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Day 1 at the VivoArts School for Transgenic Aesthetics: Seed broadcasting workshop
Regine Debatty, 26 May 09

VASTAL, VivoArts School for Transgenic Aesthetics Ltd., is a temporary research and education institute that Adam Zaretsky has created in Amsterdam following an invitation by the Waag Society. Zaretsky, currently artist in residency at Waag, will give lectures and workshops on Art and Life Sciences. The School was born with the objective of showing the public what it means to work both artistically and scientifically with living organisms and materials. VASTAL also aims to make this form of art-science accessible for a broader audience and invite them to discuss the ethical and aesthetic issues at stake.

The May session are dedicated to EcoArt. September will focus on biology and bacterial transformation in particular. November will tackle embryology, zoology and body art. There will be labs and courses on hybrid DNA isolation, discussions on ethical issues, non-human relation explorations, but also radical food preparations and field trips to the slaughterhouse, the pet store and the zoo.

People tend to divide the world into separate categories: ecology, food, non-human species, body, etc. If you try and mix them together (in practice or theory, for example by asking questions such as "Do plants have feelings? Conscousness?") , people get nervous. Yet the workshop is going to study these five topics one after the other and then mix blend together in the final session of the classes. I could only participate to the first day of the Eco Art session but i do intend to come back in September for the lectures and workshops on bio-ethic, bioart and DNA sequencing.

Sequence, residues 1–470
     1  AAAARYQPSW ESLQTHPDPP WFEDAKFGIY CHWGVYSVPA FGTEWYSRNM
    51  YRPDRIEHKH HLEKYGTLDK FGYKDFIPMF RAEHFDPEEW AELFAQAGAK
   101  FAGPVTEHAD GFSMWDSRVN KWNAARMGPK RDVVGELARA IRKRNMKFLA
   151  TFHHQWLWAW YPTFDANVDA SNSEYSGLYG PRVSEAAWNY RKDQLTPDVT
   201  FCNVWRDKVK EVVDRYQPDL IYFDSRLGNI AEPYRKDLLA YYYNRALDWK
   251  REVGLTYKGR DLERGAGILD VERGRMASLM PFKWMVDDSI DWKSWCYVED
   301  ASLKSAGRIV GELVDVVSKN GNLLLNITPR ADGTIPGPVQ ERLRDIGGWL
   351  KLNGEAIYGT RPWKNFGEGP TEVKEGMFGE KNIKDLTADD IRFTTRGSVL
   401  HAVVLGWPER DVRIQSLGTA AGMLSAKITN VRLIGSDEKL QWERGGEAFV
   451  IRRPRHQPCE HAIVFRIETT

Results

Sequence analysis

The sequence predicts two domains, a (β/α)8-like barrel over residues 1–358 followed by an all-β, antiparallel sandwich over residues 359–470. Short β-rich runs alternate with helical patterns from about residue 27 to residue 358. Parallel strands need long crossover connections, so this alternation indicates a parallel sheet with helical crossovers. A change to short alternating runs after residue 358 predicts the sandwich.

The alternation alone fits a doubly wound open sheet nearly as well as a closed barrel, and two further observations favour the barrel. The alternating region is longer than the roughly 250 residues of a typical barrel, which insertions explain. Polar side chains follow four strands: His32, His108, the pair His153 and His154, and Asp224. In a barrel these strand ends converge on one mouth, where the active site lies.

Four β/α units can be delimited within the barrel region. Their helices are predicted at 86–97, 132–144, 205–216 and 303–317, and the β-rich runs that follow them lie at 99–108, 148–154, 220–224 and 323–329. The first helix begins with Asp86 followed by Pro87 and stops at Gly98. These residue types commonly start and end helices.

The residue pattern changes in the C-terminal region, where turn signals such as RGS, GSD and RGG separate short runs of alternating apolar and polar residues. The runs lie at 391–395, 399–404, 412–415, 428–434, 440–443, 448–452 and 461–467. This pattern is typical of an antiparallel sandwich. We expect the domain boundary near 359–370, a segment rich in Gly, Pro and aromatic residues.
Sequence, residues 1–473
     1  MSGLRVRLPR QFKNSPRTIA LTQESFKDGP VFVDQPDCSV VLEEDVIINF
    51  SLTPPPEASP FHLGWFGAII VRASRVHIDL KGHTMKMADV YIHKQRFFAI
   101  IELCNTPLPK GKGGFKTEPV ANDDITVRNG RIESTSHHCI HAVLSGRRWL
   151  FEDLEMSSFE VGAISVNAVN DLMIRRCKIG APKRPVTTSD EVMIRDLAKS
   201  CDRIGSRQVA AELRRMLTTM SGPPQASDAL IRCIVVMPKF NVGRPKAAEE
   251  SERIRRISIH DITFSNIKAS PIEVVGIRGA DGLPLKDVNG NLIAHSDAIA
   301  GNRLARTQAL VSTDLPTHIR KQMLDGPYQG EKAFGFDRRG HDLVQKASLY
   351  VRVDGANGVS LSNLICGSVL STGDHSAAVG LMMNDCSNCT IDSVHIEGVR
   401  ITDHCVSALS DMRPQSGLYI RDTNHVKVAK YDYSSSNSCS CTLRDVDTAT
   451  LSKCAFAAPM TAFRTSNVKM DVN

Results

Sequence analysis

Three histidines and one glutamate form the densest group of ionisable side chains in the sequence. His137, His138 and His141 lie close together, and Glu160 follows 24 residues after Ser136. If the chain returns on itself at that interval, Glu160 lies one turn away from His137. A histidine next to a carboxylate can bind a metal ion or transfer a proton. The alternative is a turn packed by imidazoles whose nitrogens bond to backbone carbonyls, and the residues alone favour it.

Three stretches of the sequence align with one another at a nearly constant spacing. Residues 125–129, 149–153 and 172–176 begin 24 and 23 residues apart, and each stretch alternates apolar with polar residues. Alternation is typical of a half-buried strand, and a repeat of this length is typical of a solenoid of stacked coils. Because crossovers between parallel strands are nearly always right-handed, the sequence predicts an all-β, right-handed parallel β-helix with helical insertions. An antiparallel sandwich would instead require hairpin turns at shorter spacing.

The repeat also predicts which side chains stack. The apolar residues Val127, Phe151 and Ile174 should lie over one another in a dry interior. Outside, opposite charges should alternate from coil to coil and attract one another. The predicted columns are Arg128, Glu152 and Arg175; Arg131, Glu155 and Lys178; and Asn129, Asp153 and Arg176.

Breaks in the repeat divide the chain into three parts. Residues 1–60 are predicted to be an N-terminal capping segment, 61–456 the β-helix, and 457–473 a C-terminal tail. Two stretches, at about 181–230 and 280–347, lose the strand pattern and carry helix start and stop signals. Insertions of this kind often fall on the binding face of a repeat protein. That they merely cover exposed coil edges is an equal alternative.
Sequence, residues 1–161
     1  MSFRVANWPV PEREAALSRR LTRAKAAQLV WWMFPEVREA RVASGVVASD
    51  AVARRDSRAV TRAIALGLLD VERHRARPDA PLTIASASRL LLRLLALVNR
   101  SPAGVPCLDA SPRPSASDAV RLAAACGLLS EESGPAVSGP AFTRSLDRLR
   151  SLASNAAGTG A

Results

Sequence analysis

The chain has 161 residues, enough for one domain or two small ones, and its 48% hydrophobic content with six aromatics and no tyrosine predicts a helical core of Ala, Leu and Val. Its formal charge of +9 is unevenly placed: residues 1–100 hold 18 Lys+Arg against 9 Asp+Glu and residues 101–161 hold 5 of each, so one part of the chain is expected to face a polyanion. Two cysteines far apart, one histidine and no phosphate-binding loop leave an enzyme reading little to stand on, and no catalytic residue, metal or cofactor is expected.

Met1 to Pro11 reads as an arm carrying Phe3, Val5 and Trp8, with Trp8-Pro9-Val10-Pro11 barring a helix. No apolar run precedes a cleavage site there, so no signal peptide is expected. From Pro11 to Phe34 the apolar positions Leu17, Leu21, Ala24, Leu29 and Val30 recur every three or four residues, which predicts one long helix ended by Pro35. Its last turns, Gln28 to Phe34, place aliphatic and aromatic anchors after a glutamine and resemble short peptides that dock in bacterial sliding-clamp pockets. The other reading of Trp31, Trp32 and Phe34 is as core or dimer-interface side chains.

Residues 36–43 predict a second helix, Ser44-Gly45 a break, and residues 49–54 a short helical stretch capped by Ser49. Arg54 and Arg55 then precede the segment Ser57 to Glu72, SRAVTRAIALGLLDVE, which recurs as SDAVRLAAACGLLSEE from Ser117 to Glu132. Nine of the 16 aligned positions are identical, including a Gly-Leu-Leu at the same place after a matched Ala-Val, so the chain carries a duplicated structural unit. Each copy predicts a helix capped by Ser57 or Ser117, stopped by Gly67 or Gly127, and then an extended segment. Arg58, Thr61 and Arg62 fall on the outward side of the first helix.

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Brandon Ballengee, Cleared and Stained American Bullfrog, collected in Brown County, 1954. Photographed July 17, 2001, from the collection of the Hefner Zoology Museum, Miami University, Oxford, Ohio

Tomorrow Tuesday 26, Andy Gracie and Brandon Ballengée are going to give EcoArt lectures at 20.00 at Waag. This is going to be good, take my word for it.

Adam started the workshop by a lecture, reminding briefly a few points:
- Bio art has only just started existing. There's no manifesto written by bio artists, just a desire to remind us that we are alive;
- Bio artists invite us to look behind the curtain of life;
- Engaging with life never comes without some controversy, whether you are an artist or a scientist;
- We need people who are not scientists, who do not work for corporations but who are creative individuals ready to get their hands 'wet' and dirty and shape their own opinion about the way scientific development is going to leave an imprint on our life.